What inspired you to write this story?
🖋The Lazare Family Saga grew out of my love of two places: Lowcountry South Carolina and the High Plains of the American West. My family visited Charleston on a vacation in 1987, and we moved to Colorado in 1991. I’ve always been a history buff, and I wanted to know what these places were like in the past, specifically in the 19th century. This series also grew out of my love of classic family sagas: Colleen McCullough’s The Thorn Birds, Alex Haley’s Roots, and John Jakes’s North and South. Creating my own family saga gave me a wide enough canvas to unite these places I loved and live there vicariously even though I’m now located in Virginia. Making the central family multiracial allowed me to dig deep into the conflicts and injustices at the heart of the American Dream.
What motivates you to write?
🖋My early readers, who responded to my work even before it was polished and published. My love for my characters and wanting to tell their stories. Feeling I have something to say through my fiction.
How do your characters reflect people you know (including yourself)?
🖋My priest character, Joseph Lazare, was initially inspired by my earthly father, who grew up Catholic and served as an altar boy. Joseph’s mother Anne has elements of my own mother. Joseph’s father René has my sense of humor and my skepticism. René is the voice of reason and stands in for me in many ways.
Who and what are you most thankful for during the writing and promotion of this book and the series?
🖋During the writing, my critique partners, especially Ida Bostian, Christina Campbell, and Elizabeth Huhn. My beta readers, especially Danielle Apple, Maron Anrow, Susie Murphy, and Lillian Rouly. My editor, Jessica Cale. They all made me a better writer, and their words of encouragement meant the world to me. During the promotion, Piepie Baltz, Carla Suto, andTammy Meadal Underhill in particular have been a blessing—they not only read and reviewed all four books in The Lazare Family Saga, they also helped spread the word on social media.
I’m also thankful that my characters spoke to me. Kathleen Grissom, author of The Kitchen House, calls her novels “spiritual gifts,” and I agree. It really feels like my characters already existed in some other realm and I “simply” had to learn how to listen—by doing massive amounts of research and understanding their world, by doing countless revisions till I got their stories right.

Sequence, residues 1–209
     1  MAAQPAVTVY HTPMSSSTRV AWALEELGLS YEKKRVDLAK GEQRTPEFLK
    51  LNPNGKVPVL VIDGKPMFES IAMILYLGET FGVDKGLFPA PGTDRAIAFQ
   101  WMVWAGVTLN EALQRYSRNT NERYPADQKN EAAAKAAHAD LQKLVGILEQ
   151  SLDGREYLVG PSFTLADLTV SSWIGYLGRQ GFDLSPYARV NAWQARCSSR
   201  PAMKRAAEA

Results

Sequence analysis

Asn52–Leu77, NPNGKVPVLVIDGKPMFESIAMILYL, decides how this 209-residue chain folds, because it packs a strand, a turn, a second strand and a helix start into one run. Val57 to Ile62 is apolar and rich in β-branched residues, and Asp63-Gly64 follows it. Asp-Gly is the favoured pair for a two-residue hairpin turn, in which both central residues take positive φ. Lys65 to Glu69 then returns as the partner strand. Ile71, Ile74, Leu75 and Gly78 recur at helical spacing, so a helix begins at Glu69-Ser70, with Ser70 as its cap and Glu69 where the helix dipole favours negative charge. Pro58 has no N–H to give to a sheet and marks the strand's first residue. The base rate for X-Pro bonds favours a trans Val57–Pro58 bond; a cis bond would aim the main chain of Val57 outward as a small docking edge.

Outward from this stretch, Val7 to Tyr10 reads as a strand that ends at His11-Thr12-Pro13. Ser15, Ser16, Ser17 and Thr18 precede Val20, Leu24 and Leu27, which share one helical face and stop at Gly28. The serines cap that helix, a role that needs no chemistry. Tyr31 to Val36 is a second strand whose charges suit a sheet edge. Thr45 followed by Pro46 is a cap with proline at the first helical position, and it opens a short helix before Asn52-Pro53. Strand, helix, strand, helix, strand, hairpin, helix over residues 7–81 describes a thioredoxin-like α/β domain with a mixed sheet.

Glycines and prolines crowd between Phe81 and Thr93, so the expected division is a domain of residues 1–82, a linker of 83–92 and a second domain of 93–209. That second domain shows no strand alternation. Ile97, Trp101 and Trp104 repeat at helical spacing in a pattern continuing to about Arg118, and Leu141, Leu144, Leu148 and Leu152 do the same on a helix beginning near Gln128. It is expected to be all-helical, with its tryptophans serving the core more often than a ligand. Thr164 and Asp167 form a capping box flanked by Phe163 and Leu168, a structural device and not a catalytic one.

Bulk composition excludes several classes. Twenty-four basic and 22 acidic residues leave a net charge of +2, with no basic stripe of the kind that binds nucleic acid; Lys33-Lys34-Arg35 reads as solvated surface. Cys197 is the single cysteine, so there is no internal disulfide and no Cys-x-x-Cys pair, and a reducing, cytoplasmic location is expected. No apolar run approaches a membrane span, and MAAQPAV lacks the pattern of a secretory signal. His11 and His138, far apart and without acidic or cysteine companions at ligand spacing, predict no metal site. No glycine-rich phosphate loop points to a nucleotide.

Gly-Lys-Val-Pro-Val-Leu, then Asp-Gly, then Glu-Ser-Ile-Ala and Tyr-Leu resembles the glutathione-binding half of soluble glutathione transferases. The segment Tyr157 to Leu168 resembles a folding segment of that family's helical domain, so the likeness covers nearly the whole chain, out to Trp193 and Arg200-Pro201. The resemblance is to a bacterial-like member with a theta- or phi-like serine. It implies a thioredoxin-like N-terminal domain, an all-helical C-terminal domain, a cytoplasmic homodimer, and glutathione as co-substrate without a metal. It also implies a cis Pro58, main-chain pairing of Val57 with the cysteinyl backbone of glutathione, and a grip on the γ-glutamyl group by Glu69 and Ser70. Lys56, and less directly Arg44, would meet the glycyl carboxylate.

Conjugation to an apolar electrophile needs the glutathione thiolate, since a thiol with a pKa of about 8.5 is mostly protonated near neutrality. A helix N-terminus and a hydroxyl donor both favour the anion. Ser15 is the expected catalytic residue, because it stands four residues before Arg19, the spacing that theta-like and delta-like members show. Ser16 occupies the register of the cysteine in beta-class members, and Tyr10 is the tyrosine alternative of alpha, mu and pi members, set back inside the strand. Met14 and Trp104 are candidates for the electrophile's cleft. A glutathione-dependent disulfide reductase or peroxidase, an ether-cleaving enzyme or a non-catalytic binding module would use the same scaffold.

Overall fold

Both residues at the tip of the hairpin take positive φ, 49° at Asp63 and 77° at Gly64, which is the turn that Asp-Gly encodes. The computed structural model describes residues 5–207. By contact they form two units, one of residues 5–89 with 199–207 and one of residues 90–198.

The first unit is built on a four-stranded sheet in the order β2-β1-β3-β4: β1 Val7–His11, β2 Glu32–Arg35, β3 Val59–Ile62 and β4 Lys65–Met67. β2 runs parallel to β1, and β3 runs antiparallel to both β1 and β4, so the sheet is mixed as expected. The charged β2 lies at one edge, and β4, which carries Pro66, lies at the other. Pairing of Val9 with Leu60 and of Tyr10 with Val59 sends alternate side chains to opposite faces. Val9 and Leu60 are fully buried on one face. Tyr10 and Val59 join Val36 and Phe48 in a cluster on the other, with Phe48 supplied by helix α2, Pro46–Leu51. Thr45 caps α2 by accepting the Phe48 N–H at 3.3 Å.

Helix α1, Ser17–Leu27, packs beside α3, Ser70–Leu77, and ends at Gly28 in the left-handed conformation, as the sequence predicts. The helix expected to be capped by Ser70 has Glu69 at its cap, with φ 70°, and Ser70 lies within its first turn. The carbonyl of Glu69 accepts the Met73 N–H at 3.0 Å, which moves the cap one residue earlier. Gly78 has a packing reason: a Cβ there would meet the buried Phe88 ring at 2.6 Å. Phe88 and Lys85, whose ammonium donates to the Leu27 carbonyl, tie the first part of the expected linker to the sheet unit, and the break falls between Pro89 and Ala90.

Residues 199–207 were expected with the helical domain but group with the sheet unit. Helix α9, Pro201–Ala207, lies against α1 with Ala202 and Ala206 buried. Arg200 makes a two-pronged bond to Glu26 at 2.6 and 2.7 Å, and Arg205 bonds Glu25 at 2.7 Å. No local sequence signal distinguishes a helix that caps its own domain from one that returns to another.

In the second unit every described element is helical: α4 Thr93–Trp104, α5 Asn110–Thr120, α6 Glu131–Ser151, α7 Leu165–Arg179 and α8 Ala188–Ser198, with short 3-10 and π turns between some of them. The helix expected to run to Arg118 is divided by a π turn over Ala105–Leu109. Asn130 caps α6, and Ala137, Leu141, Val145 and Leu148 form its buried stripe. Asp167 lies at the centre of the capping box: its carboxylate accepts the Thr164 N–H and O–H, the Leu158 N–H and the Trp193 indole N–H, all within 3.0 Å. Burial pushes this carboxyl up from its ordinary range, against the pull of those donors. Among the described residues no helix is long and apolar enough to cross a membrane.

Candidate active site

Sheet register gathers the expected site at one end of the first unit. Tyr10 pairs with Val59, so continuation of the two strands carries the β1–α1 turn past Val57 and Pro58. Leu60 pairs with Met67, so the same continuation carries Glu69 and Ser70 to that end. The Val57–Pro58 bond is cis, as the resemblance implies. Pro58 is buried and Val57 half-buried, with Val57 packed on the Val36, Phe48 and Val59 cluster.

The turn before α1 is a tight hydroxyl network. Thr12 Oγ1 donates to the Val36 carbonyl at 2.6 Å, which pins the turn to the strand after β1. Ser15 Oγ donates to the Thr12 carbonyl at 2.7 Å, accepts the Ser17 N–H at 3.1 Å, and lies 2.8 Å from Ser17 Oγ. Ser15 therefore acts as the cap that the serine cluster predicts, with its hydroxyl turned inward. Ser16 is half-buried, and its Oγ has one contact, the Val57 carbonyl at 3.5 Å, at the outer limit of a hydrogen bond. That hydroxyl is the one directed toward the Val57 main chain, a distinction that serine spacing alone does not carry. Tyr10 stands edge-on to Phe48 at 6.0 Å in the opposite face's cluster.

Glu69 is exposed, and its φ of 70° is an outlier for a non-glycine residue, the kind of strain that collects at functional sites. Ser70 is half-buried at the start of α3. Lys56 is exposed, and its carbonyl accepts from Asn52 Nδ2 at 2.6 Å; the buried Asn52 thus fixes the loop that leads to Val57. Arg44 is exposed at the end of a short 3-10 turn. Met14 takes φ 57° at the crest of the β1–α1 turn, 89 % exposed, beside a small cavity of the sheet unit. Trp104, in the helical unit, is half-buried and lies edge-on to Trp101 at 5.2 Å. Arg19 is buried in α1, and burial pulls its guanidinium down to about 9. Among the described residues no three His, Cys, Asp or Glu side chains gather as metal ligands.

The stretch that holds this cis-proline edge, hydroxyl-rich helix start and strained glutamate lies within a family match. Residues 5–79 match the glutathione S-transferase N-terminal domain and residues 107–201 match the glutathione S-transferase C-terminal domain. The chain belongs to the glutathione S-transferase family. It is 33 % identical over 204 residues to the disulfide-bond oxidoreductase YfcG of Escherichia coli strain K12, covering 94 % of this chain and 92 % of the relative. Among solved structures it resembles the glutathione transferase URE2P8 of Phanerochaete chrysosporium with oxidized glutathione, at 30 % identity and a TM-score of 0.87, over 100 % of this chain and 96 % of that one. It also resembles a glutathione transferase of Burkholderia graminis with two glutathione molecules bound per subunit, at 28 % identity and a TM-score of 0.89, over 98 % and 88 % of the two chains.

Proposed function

Because my blog is called Books Lattes & Tiaras, what do you enjoy eating and drinking while creating?
🖋While I’m writing, I like to consume what my characters might be consuming—so for the chapters set in the Caribbean, mangoand coconut juice. Once they reach Charleston, my charactersmight eat benne wafers—small cookies with sesame seeds, a recipe that has roots in Africa. Delicious for snacking and great for getting me “in the zone.” Benne wafers also look a bit like communion wafers!
And what do you do for self-care?
🖋I get out into nature. I love walking through forests and keeping an eye out for wildlife or photographing flowers in one of our many parks in Fairfax County, Virginia. I find it restorative, being out in nature. I gave this love to my character Clare later on in the series as she grows up.
About the book:
In antebellum Charleston, a Catholic priest grapples with doubt, his family’s secret African ancestry, and his love for a slave owner’s wife.
Joseph Lazare and his two sisters grow up believing their black hair and olive skin come from a Spanish grandmother—until the summer they learn she was an African slave. While his sisters make very different choices, Joseph struggles to transcend the flesh by becoming a celibate priest.
Then young Father Joseph meets Tessa Conley, a devout Irish immigrant who shares his passions for music and botany. Joseph must conceal his true feelings as Tessa marries another man—a plantation owner who treats her like property. Acting on their love for each other will ruin Joseph and Tessa in this world and damn them in the next.
Or will it?
Necessary Sins is the first book in the sweeping Lazare Family Saga that transports readers from the West Indies to the Wild West, from Charleston, Paris, and Rome into the depths of the human heart. Passion, prejudice, secrets, and a mother’s desperate choice in the chaos of revolution echo through five generations. If you enjoyed The Thorn Birds or the novels of Sara Donati, dive into Elizabeth Bell’s epic historical fiction today.
✍🏼Visit my review for Necessary Sins
Buy the book:
About the author:
Elizabeth Bell has been writing stories since the second grade. Upon earning her MFA in Creative Writing at George Mason University, Elizabeth realized she would have to return her two hundred library books. Instead, she cleverly found a job in the university library, where she works to this day. Her historical fiction series The Lazare Family Saga follows a multiracial family struggling to understand where they belong in the young United States. The first book, Necessary Sins, was a Finalist in the Foreword Indies Book of the Year Awards. The second and third books, Lost Saints and Native Stranger, were Editors’ Choices in the Historical Novels Review. Visit Elizabeth online at elizabethbellauthor.com
Blog Tour Schedule
Wednesday, August 4
Review at The Cozy Book Blog
Friday, August 6
Review at The Enchanted Shelf
Monday, August 9
Review at Rajiv’s Reviews
Wednesday, August 11
Interview at Books, Tiaras, and Lattes
Friday, August 13
Review at Coffee and Ink
Monday, August 16
Review at Passages to the Past
Friday, August 20
Review at Passages to the Past
Wednesday, August 25
Review at Robin Loves Reading